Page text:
Majority of people knowingly use fentanyl, UBC research shows

Majority of people knowingly use fentanyl, UBC research shows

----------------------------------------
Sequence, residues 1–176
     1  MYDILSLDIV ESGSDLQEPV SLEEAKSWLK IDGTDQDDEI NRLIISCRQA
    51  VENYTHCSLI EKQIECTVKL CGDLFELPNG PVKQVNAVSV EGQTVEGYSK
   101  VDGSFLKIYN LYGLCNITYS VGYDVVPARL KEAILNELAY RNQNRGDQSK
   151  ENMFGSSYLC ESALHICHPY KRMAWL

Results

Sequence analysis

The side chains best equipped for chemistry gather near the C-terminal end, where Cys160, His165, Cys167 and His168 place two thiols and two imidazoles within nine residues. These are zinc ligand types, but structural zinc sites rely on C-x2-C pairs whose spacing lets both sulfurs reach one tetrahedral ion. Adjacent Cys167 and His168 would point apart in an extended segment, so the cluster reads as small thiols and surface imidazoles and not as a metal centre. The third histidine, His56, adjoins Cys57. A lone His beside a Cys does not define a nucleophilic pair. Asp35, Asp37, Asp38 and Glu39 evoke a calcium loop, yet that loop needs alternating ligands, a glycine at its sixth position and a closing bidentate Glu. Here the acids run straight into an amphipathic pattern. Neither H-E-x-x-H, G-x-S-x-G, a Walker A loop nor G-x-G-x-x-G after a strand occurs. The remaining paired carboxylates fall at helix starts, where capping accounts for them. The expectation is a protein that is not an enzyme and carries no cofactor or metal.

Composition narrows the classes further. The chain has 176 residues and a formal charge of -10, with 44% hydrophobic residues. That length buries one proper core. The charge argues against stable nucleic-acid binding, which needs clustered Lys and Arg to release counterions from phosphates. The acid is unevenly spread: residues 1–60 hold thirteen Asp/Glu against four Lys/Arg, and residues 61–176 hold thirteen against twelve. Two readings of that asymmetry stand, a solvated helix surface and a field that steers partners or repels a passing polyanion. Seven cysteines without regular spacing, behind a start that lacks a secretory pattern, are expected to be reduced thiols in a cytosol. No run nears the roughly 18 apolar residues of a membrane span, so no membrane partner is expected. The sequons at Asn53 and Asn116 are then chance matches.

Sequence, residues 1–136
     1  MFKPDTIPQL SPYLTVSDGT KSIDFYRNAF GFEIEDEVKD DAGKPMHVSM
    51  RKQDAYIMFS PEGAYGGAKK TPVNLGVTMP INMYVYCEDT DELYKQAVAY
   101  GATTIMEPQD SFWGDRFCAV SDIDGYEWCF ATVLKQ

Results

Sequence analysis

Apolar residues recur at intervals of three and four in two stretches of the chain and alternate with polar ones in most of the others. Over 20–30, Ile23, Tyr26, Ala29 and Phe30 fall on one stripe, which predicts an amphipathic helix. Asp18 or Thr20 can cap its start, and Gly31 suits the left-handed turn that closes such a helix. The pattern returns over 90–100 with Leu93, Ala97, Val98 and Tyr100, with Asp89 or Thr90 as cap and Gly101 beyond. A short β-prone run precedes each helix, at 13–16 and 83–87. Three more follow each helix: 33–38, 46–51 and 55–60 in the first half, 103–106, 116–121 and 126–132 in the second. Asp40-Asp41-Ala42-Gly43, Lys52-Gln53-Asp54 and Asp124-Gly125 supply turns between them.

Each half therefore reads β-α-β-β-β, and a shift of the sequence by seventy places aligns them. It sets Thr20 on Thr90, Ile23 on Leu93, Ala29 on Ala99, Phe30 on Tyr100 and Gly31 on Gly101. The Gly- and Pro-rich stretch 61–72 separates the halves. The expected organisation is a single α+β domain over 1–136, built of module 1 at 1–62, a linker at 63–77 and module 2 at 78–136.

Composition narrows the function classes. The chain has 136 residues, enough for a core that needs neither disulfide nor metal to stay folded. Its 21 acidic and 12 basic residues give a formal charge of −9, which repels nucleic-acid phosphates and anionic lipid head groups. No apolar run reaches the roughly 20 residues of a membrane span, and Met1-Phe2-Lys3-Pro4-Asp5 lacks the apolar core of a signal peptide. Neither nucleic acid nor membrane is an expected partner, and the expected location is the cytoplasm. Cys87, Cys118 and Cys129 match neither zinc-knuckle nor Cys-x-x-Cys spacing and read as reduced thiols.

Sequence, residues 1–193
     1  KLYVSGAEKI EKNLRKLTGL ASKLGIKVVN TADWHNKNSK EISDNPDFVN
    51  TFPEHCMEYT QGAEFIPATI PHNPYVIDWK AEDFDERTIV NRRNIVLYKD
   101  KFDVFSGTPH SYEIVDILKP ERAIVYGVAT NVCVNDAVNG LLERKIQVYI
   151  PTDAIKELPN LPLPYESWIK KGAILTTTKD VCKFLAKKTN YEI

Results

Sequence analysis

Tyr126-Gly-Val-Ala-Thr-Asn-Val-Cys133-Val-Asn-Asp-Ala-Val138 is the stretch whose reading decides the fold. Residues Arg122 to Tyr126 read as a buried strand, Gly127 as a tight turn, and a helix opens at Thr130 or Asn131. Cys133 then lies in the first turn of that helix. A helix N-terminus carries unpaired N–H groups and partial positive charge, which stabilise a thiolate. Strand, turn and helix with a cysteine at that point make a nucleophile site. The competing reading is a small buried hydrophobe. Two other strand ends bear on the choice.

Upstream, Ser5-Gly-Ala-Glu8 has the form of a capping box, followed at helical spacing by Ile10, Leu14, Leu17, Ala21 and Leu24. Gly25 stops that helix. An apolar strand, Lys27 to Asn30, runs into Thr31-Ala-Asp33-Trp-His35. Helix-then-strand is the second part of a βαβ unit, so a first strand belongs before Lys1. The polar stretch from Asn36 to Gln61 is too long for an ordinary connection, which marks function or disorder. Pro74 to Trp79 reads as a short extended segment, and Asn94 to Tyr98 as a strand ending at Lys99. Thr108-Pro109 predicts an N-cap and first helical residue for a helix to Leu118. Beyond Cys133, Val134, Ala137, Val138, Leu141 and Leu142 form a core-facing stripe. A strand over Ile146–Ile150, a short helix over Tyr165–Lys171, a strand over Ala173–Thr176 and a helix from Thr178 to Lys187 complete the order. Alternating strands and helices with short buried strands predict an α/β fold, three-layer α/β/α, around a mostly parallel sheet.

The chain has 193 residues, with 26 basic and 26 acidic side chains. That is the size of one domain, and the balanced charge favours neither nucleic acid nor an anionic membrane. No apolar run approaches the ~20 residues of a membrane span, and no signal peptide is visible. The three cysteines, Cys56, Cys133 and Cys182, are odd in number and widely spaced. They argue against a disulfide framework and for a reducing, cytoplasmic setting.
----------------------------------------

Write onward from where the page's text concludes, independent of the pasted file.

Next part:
Research findings may one day help keep ALS at bay The study drew on data collected from 303 participants recruited from 27 harm reduction sites across B.C. The participants completed a brief survey on their drug use and provided a urine sample that researchers tested for fentanyl and other substances. Sixty per cent of participants in 2018 had fentanyl detected in their urine, of these people, 64 per cent knew they had taken fentanyl. The study done in 2015 found 29 per cent of participants tested positive for fentanyl, with only 27 per cent aware that they'd used it. Researchers do not fully understand the factors that contribute to people knowingly taking fentanyl, but the reasons are varied. Some people may use fentanyl because they are aware it is present in most of the illicit supply of opioids and therefore have no other choice, while some may prefer the experience of taking fentanyl regardless of other options. This research lays groundwork that will help us learn more about why fentanyl use is increasing. These findings will also contribute to more effective messaging campaigns and harm reduction strategies to help reduce preventable deaths and support the health of people who use substances, their families, and their communities." Mohammad Karamouzian, PhD student at UBC's School of Population and Public Health and lead author of the study Quick facts Other key findings from the study include: Recent fentanyl use was more common in people living in urban settings. People who used fentanyl were more likely to have also recently used heroin/morphine or crystal meth. Self-reported cannabis use was associated with reduced fentanyl use. The data for this study were collected at harm reduction sites that provide a range of services to people who use drugs including, but not limited to: condom distribution, needle and syringe distribution and take-home naloxone kits. There are approximately 375 of these facilities across B.C. A study led by BCCDC in 2019 showed the rapid expansion of harm reduction services (e.g., take home naloxone, opioid agonist therapy and overdose prevention sites) in response to B.C.'s overdose crisis averted more than 3,000 overdose deaths during a 20-month period in 2016-2017. Source: University of British Columbia Journal reference: Karamouzian, M., et al. (2020) Known fentanyl use among clients of harm reduction sites in British Columbia, Canada. International Journal of Drug Policy . doi.org/10.1016/j.drugpo.2020.102665 .



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